31st Annual Meeting of the DPS, October 1999
Session 53. Outer Planet Physics I Posters
Poster Group II, Thursday-Friday, October 14, 1999, Kursaal Center

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[53.04] A Dynamical Model of Jupiter's 5-Micron Hot Spots

A.J. Friedson, G.S. Orton (JPL/Caltech)

The Galileo Probe entered the Jovian atmosphere at the southern edge of a 5-micron hot spot, one of typically 8-10 quasi-evenly-spaced longitudinal areas of anomalously high 5-micron IR emission that reside in a narrow latitude band centered on +6.5 degrees. These hot spots are characterized primarily by a low abundance of the cloud particles that dominate the 5-micron opacity at other locations on the planet, and by significant dessication of water and hydrogen sulfide in the upper layers of the troposphere. Ortiz et al. (1998) found that the latitude and drift rate of the hot spots could be explained if they are formed by an equatorially trapped Rossby wave of meridional degree 1 moving with a phase speed between 99 and 103 m/s relative to System III. Here we model additional properties of the hot spots in terms of the amplitude saturation of such a wave propagating in the weakly stratified deep troposphere. We identify the hot spots with those locations where the wave plus mean thermal stratification becomes marginally stable. In these locations, virtual potential temperature isotherms stretch downward to very deep levels in the troposphere. Since fluid parcels follow these isotherms under adiabatic flow conditions, the parcels dive downward when they enter the portion of the wave associated with the hot spot and soar upward upon leaving the spot. We show that this model can account for many of the observed features of the hot spots, including (i) their vertical alignment over great depth, which persists despite the presence of strong vertical shear in the zonal wind, (ii) the anomalous vertical profiles of water and hydrogen sulfide mixing ratio measured by the Galileo Probe, and (iii) the absence of any thermal signature that can be identified from remote sensing of the hot spots.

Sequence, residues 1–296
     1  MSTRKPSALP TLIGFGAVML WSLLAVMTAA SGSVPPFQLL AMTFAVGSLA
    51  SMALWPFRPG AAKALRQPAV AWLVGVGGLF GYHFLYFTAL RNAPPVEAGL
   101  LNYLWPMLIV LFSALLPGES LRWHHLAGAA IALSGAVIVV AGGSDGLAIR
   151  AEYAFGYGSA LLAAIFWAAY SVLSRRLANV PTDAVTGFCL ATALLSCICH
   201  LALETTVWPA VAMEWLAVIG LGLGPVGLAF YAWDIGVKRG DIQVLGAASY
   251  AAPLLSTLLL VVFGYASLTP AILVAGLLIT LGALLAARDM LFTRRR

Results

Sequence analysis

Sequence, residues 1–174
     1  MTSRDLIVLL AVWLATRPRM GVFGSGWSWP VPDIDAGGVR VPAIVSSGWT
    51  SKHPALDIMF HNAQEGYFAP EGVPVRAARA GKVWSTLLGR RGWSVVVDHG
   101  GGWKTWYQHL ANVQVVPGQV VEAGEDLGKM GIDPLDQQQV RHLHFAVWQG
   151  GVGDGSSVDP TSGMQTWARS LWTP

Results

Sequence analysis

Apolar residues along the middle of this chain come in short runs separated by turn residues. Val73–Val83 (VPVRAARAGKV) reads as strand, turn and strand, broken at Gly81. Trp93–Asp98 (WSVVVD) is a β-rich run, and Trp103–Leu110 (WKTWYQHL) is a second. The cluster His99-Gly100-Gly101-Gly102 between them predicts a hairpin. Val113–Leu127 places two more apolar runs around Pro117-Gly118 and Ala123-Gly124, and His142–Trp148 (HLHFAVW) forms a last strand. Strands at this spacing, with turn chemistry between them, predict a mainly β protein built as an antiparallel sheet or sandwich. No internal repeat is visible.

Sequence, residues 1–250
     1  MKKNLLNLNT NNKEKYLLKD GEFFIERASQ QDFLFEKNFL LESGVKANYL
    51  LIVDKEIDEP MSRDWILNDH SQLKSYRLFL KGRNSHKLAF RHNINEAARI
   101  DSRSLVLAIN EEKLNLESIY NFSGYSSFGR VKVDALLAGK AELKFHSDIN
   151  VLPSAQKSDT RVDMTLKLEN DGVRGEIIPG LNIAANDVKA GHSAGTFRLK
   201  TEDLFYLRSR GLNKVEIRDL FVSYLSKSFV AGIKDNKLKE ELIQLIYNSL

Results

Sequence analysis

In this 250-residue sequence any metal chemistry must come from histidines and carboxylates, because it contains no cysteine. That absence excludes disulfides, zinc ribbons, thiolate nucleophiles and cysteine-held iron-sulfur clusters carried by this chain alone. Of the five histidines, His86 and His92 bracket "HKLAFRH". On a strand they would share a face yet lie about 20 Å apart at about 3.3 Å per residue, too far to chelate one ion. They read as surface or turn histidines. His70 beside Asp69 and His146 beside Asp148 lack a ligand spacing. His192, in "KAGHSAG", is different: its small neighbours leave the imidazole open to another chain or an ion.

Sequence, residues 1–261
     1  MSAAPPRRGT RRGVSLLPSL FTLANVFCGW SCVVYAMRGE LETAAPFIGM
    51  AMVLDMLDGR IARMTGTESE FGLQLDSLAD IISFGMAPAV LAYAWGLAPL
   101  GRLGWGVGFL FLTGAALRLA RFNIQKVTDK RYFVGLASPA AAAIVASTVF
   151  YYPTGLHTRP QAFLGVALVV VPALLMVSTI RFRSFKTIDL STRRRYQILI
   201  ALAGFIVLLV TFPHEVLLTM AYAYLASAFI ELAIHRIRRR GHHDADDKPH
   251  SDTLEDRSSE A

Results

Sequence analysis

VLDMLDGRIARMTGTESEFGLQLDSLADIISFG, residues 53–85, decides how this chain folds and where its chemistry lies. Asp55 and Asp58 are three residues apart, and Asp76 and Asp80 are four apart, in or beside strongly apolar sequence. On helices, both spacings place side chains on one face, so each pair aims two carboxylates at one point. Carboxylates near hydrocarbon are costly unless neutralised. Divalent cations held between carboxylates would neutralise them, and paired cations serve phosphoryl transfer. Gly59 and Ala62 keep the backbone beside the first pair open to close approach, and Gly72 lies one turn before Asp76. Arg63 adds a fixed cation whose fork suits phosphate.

Ortiz, J.L., G.S. Orton, A.J. Friedson, S.T. Stewart, and J. Spencer 1998. J. Geophys. Res. 103, 23051-23069.


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